Though KMET still had its peaks, especially during the 1984 and 1985 Bruce Springsteen shows of “The Born In The USA” tour, and still hung on to much of its roots as it could, stricter formatting was indeed the writing on what was now the real wall of KMET. The staff and local management of KMET being unsure just how to continue on, in the wake of such change, and fed up with corporate meddling, and the ever struggle with the daily play lists, soon found staff and its once coveted DJ’s leaving The Mighty Met. Morning DJ, Jeff Goner left the station in 1986, and others were to soon follow. In late 1986 The DJ’s knew the end was approaching, the station already knew it, and the listeners were starting to hear it. DJ’s Randy Thomas, Jack Snyder, Rick Lewis, David Perry, Cynthia Fox, Jim Ladd, and Pat (Paraquat) Kelly gathered to tell a story at Gladstone’s in Malibu with staff reporters from the L.A. Times, all the while KMET station director Frank Cody was busy strategizing on just how to pull the plug. Tuesday, February 10th, 1987, Angelenos and the rest of the radio world could read first hand in the Calendar section of the L.A. Times, Patrick Goldstein’s, Deborah Caulfield’s, and Robert Hilburn’s commentary of just what was about to happen to KMET. Even more powerful, was each of the aforementioned KMET deejays, photographed sitting around a table at Gladstone’s, finally able to tell their story.

On February 14th, 1987 the stations owners had finally given up, as the end had arrived. At 12:00 noon and as The Beatles “Carry That Weight” played as KMET’s final rock oriented song, and the once Mighty Met, the mightiest of all rock radio stations, went dark and ended. Manager Harold Bloom introduced 94.7 The Wave, and the call letters were mercifully changed to KTWV. Reaction came swift and angry, and KTWV caught a wave of its own in the form of listener backlash, however KMET was gone for good and not listener petitions, or any of the many very fine tributes brought on by KLOS, KLSX, KRTH, as well as the local L.A. television stations could resurrect the station. Goliath had been defeated and the mighty Kasey had struck out. February 14th,1987 was called by many, rock radio’s “Valentine’s Day Massacre”.

Homages continued to follow in the weeks after, and what KMET DJ’s were not allowed to do because they were so abruptly all fired on February 13th, the day before the end, other radio stations welcomed the KMET staff in to their studio and gave them a chance to speak in their words and offer listeners a chance too, to say some heartfelt good-byes. KLOS DJ Joe Benson especially, would take the lead and welcome in what was for years his rivals at KMET, and so humbly and gently let the listeners heal as well. There were no winners to be found here during this time. Everyone lost a little, and with those at KMET, they lost their jobs and their station. KLOS showed that all DJ’s are a fraternity, and rival stations were just that, and what happened to KMET could (and later would) happen to so many other radio stations. After all, to the DJ’s at KLOS or KMET it didn’t much matter as to who worked where, all and each were friends and long paid their dues in one of the toughest of all radio markets in the nation. The torch was passed that day to KLOS here in Los Angeles, and with class and dignity they accepted it. KLOS had more than longed earned it, and still to this day, every now and then, speaks in such respect about the Mighty Met, its former dial neighbor, 94.7 KMET.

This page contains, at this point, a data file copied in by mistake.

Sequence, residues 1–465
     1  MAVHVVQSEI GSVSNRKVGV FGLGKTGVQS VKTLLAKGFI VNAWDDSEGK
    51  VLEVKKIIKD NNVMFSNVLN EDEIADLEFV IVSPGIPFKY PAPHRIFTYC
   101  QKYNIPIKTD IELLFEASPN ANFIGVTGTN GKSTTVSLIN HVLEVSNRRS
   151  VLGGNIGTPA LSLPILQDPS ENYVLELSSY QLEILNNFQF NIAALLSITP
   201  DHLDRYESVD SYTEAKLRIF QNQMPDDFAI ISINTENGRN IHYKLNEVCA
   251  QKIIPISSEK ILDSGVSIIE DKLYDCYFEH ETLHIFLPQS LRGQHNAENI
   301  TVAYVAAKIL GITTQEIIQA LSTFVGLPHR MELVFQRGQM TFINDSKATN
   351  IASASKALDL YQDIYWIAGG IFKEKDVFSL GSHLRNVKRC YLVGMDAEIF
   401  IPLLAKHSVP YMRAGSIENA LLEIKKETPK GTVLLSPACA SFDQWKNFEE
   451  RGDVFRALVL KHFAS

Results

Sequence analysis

All of KMET’s disc jockeys went on to have various degrees of success and still for the most part, can be heard on some form of radio and/or Internet broadcast. Jim Ladd went on to have a major role in Roger Waters 1987 Radio Kaos LP and tour, and continues to be the voice of L.A. rock radio. He is also forever immortalized on Tom Petty’s “The Last DJ” LP. Jim received a star on the Hollywood Walk Of Fame on May 6, 2005 (7018 Hollywood Blvd.). Cynthia Fox currently has the midday shift on KLOS and is sounding as lovely as ever. Jeff Gonzer is the program director of Westwood One’s adult rock format heard on various stations across the country and internationally on Armed Forces radio. Denise Westwood too is at KLOS. Jack Snyder and Ace Young can be found via the Internet at and at, respectively.

Personally signed by Jim Ladd and Rachel Donohue

They say all good things come to an end, and nothing lasts forever. KMET seems to fit both these sayings. The Canadian based rock band Rush, said it best in the song “Spirit of the Radio”: “….one likes to believe in the freedom of music. But glittering prizes and endless compromises shatter the illusion of integrity”. Though KMET may be 20+ years gone, it’s soul like so many of the artists and a few of its DJ’s that sadly left us, have not at all been forgotten. December, 2007

KMET Rocktober Button
KMET Immoral Minority Pin
Stephen Stolen Camaro
KMET Welcomes the Police Pin

Me sitting on top of my recovered but burned and stolen 1978 Camaro in May of 1980.
Note my KMET t-shirt.

Bruce Springsteen 94.7 KMET '85 Pin
KMET David Bowie Pin
KMET dIRe Straights Pin
KMET Calif Jam
KMET Komix
KMET Bumper Sticker
KMET Colorful Kaymetville
KMET Colorful Kaymetville 2
Signed by Shadoe Stevens
KMET Springsteen Key Ring

My nephew, David St. John, and me in early 1982.
Please note my KMET T-shirt.


On Friday, July 10, 2009 from 7:00 a.m. to 8:00 p.m, L.A.’s 100.3 FM “The Sound” became KMET, just for one day, as we all enjoyed “Finally a KMET Friday.” Jeff Gonzer, Ace Young, Pat “Paraquat” Kelley, Jack Snyder, Dr. Demento and others from the Mighty Met recreated the music, the magic, the spirit and fun of LA’s original album rock station. Sadly missed was Jim Ladd, Denise Westwood, Cynthia Fox, and Bob Coburn, left out of the party by the “fuddy duddy management” over at KLOS. It was a day of celebration of what was the mightiest radio station ever in Los Angeles, 94.7 KMET. Whooya!

It was a little bit of heaven.


KMET Front
KMET Inside

KMET 94.7 vol. 1
June 13th – 16th 1978